Dead Professional - Tonight's theme is of talented musicians and the choices they make. Dead Professional is a one man band with electric guitar and voice. The first song shows off clean singer-songwriter styled rock music with a nice throaty guitar sound and strong vocal work. That remained evident throughout the set, although there were added drum tracks and recorded bits. He did a T. Rex cover which made perfect sense. The choice here is to whether go full band with this material as that is the more normal route. I would prefer that as drum machines never sound right to me except in extreme electronic acts, and even then live percussion is welcome. Yet, it is not easy to keep a full band together playing out for both artistic and budgetary issues, so there is not always an easy answer. Judging on the quality of the songs and the performance, Dead Professional has some fine material to work with and did quite well tonight. Going solo electric is gutsy, but it has worked for Thompson, Bragg, and Hitchcock, so it is well worth keeping an ear tuned to hear where this Virginia guitarist goes next.
Harmonic Blue - Guitar, Bass, and Drums work hard behind a full time vocalist for this surprisingly different Maryland band. Their sound is not terribly radical, but you just don't hear it that often in the clubs. They take a hybrid jazz-pop style and play highly skillful passages behind the melodies. The players are outstanding but the vocal lines had me thinking all night. The singing was mostly effective aside from a few odd trail-offs in a scat jazz sort of way. It is almost impossible for me to embrace this style, yet the players all have my respect. If I were the Machiavellian manager I would play around with the vocal lines and try a different approach, that is unless I wanted to take over mid-1970s radio where this band as is would be a massive success. Oh, and the bass player played a mean harmonica which was a welcome and surprising addition to this style.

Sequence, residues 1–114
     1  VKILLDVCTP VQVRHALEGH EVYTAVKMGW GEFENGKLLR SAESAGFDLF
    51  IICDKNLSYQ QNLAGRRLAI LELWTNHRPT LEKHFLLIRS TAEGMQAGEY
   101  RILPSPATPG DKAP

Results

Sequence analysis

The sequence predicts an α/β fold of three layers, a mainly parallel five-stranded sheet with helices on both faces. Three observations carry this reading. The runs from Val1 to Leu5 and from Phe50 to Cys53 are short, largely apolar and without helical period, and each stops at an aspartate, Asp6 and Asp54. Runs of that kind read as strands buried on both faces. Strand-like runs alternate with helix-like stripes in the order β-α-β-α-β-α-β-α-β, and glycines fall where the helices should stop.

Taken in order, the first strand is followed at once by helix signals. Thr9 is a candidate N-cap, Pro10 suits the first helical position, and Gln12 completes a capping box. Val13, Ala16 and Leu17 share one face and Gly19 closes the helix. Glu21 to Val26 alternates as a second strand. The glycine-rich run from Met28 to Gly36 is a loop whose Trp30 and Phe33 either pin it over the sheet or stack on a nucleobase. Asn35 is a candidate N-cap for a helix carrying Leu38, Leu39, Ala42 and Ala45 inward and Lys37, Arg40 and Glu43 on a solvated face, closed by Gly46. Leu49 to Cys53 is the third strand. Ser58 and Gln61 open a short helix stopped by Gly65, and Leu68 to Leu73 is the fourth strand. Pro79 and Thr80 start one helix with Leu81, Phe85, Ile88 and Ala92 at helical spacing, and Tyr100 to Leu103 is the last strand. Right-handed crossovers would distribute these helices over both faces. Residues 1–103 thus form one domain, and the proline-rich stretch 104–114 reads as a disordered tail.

Poor Young Things - From one of my favorite cities where I have never visited, Toronto, comes this quintet featuring three guitars. That is the first choice which always has be a bit skeptical, especially when a power-pop, surging rock, touch of punk style is what your band will present. Fortunately it works fine here in a rather surprising way. This band plays in a fairly safe format, yet the guitarists do a lot of different parts yet manage to not over complicate the song. That takes some real skill which is impressive enough, when I am not just relaxing and digging into these meaty hooks. It did not take more than about 20 seconds to be reminded of a great Montreal band called the Nils which was one of the earliest Canadian bands to transform punk into pop music at a high level. They could also move to a much tighter Dolls/MC5 sound on the wonderful "Building a Boat". Not all the songs were as magical as that, but the quality never wavered and the pace and volume was there to keep the energy in the room for the full 45 minutes or so. I will be back when they make it back through, especially if it is one of those nights where you just want to really rock out.
Quote of the Night: From Harmonic Blue's singer... "It's amazing what a hand can do."